Singapore's ruling PAP cedes ground to opposition in pandemic poll
By Tom Westbrook, John Geddie and Aradhana Aravindan SINGAPORE (Reuters) - Singapore's ruling People's Action Party (PAP) extended its unbroken rule in Friday's election, but its vote share slipped near a record low as opposition parties made historic inroads in a ballot held under the cloud of the COVID-19 pandemic. Having held power since independence in 1965, the PAP had been widely expected to win and carry Prime Minister Lee Hsien Loong to what is likely his last victory before retirement as national leader. The PAP secured 83 out of 93 seats in parliament.
By Tom Westbrook, John Geddie and Aradhana Aravindan
SINGAPORE (Reuters) - Singapore's ruling People's Action Party (PAP) extended its unbroken rule in Friday's election, but its vote share slipped near a record low as opposition parties made historic inroads in a ballot held under the cloud of the COVID-19 pandemic.
Having held power since independence in 1965, the PAP had been widely expected to win and carry Prime Minister Lee Hsien Loong to what is likely his last victory before retirement as national leader.
The PAP secured 83 out of 93 seats in parliament. But the main opposition Workers' Party won the other 10, the most ever held by opposition lawmakers, while the PAP's popular vote fell to 61%, down from 70% in 2015.
Even small shifts in the PAP's popularity can lead to major policy changes, and PM Lee struck a downbeat tone in an early morning press conference on Saturday.
"We have a clear mandate but the percentage of the popular vote is not as high as I had hoped for," Lee said.
"The results reflect the pain and uncertainty that Singaporeans feel in this crisis... This was not a feel-good election."
In a city-state with tight rules around speech and assembly and a lopsided political power balance, opposition supporters took the result as a landmark show of strength.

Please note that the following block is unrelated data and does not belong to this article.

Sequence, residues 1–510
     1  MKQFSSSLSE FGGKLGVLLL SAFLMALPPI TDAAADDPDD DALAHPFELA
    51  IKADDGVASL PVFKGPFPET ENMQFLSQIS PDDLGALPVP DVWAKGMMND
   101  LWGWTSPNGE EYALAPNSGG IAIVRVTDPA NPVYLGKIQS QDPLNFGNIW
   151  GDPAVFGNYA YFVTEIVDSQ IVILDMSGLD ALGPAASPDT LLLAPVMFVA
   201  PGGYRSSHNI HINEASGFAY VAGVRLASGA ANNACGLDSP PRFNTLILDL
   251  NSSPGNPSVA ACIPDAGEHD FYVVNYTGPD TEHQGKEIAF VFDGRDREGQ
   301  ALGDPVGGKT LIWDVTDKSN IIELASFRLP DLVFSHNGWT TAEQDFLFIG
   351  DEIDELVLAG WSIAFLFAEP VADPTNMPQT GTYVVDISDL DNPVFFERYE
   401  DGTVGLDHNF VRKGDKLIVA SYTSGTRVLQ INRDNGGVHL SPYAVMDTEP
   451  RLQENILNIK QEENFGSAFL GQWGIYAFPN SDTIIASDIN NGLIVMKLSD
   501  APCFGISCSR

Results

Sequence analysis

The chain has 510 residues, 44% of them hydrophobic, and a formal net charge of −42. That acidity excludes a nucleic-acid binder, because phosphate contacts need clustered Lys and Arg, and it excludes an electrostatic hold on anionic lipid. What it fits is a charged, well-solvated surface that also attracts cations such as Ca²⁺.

Streets in the Workers' Party stronghold district swelled with supporters honking horns, cheering and waving party flags - some seemingly paying little heed to social distancing rules.
"The results have surpassed the expectations even of some in the opposition," said Loke Hoe Yeong, author of First Wave, a book on the history of the Singapore opposition.
"It also looks like voters are voicing their disapproval of the PAP calling a general election in the midst of the pandemic."
JOBS FEARS TO THE FORE
The PAP's two-thirds majority affords them a free hand to pass legislation and amend the constitution, but its leaders will also be under pressure to address the slip in support.
When concerns around immigration and jobs flared in 2011, the PAP polled a record low 60% of the vote and tightened international hiring rules to address voters' sensitivities.
Those concerns have come to the fore again as the country emerges from lockdown to face its deepest recession.
Lee, the son of Singapore's founding leader, Lee Kuan Yew, called the election to seek a fresh mandate to guide the country through a health crisis that has crushed the small but open economy.
Singapore is not the first country to hold elections during the pandemic - South Korea and Serbia have also held polls - but opposition parties had pushed back on the plan saying it endangered voters and hindered their campaigning.
"They think that they've done well dealing with the pandemic," said Muhammad, a 33-year-old construction safety manager amongst ebullient Workers' Party supporters. "They haven't," he said.
Singapore has one of the lowest COVID-19 fatality rates in the world and initially earned widespread praise for its efforts. But subsequent outbreaks in cramped migrant worker dormitories stained that early success, and persuaded the government to keep schools and businesses closed for longer.
Lee, 68, who has held the premiership since 2004, retained his seat easily. He had previously flagged his intention to step aside in coming years, but said on Saturday he would stay on to see through the COVID-19 crisis.
Meanwhile, his deputy and earmarked successor, Heng Swee Keat, won his seat with a slim 53% of the vote in what analysts said was a key test of his public support.
(Reporting by Jessica Jaganathan, Anshuman Daga, Fathin Ungku, Tom Westbrook, Christian Schmollinger, John Geddie and Aradhana Aravindan; Editing by Simon Cameron-Moore, Kevin Liffey and Nick Macfie)
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